It was twenty years ago today that beings from another planet attacked the Earth. Earth won and in the two decades since, we have united, rebuilt, adapted their technology and prepared for their return. And on the day we were celebrating our victory, they returned—smarter than before and on the verge of defeating us—again.
There are a lot of smart things in the script for Independence Day: Resurgence, which is both a strength and a weakness. The filmmakers seem to feel that everyone has seen the original movie at least two or three times since its release so characters are introduced like relatives who missed the last couple of family reunions but they made this one. (“Hi, I’m the president’s daughter, all grown up!” “And I’m Will Smith’s stepson!”) In a sense it’s a bridge, handing the franchise off to the next generation, giving you one last look at the old guard before they head off to the retirement home. The smartest thing is the youngsters do not bring baggage—except for one thing—like having to live up to their elders achievements. That being said…
Resurgence feels you want to see the band back together so much you don’t care how it happens. Coincidences pile up in ways that r-e-a-l-l-y stretch credulity (I mean, how does a fishing boat get from New York City to somewhere in Nevada?). Some character relationships are unexplained, one character checks on a parent, just in time to see them selflessly give their live to save another (And would the most negligent hospital not check to see if all the patients had been evacuated?), giving the character another reason to hate the invaders, as if destroying the planet wasn’t enough. (Genocide on a global basis is one thing, but this makes it personal!) And the theme is established: in order for you to be a soldier in this army, you have to be an orphan.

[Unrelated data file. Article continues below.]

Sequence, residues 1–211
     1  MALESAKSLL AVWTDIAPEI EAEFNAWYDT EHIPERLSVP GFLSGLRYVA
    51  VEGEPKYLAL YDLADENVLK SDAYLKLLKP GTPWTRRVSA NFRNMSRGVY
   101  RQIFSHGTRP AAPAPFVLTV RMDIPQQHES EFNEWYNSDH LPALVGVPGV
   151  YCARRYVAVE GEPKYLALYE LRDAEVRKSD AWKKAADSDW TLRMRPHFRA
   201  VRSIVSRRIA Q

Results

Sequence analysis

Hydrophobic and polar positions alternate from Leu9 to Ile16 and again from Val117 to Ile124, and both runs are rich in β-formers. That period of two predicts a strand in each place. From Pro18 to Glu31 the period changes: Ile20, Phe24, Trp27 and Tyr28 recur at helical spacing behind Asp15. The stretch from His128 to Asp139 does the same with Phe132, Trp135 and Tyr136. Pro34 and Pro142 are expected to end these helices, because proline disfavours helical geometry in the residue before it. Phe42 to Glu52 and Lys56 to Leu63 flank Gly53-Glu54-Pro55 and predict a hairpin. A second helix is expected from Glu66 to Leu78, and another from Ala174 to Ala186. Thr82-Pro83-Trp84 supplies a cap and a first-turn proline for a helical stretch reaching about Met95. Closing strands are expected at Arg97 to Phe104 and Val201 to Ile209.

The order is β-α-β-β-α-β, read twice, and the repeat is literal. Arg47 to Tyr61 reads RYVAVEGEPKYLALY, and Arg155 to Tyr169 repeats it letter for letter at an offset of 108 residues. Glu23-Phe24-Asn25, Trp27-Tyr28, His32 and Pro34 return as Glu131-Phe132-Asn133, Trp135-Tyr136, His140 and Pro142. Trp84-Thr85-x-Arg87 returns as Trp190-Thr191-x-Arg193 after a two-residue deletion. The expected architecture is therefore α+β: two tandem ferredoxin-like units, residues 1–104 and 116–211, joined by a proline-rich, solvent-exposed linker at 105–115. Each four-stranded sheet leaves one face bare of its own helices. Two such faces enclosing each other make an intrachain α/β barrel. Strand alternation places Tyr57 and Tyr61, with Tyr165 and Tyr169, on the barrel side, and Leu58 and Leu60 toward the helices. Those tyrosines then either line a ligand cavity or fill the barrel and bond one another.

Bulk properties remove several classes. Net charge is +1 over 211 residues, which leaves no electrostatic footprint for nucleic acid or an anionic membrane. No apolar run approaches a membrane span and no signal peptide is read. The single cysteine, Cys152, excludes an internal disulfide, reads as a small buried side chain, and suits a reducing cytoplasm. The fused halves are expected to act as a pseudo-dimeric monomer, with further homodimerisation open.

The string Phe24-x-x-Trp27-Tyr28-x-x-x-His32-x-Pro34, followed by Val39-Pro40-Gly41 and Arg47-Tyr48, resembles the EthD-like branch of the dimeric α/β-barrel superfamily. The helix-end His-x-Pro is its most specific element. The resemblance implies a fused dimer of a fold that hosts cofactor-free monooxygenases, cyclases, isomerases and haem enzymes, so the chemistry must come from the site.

It’s been said for some types of movies, they are better when the budget is smaller: when you don’t have a log to spend on CGI, you have to tell a real story—with character development, dialogue, plot—rather than just giving people something cool to look at for a couple of hours. Adjusted for inflation, the original movie didn’t cost significantly less than the current one, but the first one had to rely on “real” special effects—models, puppets, “in camera” tricks, rather than the requisite thousands of people needed for a modern SFX feature. (The total film crew for Iron Man 3 was 3,310, 326 more people than the crew who worked on Avatar.) So the more-is-less argument doesn’t quite hold up for the shortcomings of Independence Day: Resurgence. The problem, I think, is that sometimes it’s too clever for its own good, despite the virtual lack of science in a science fiction movie.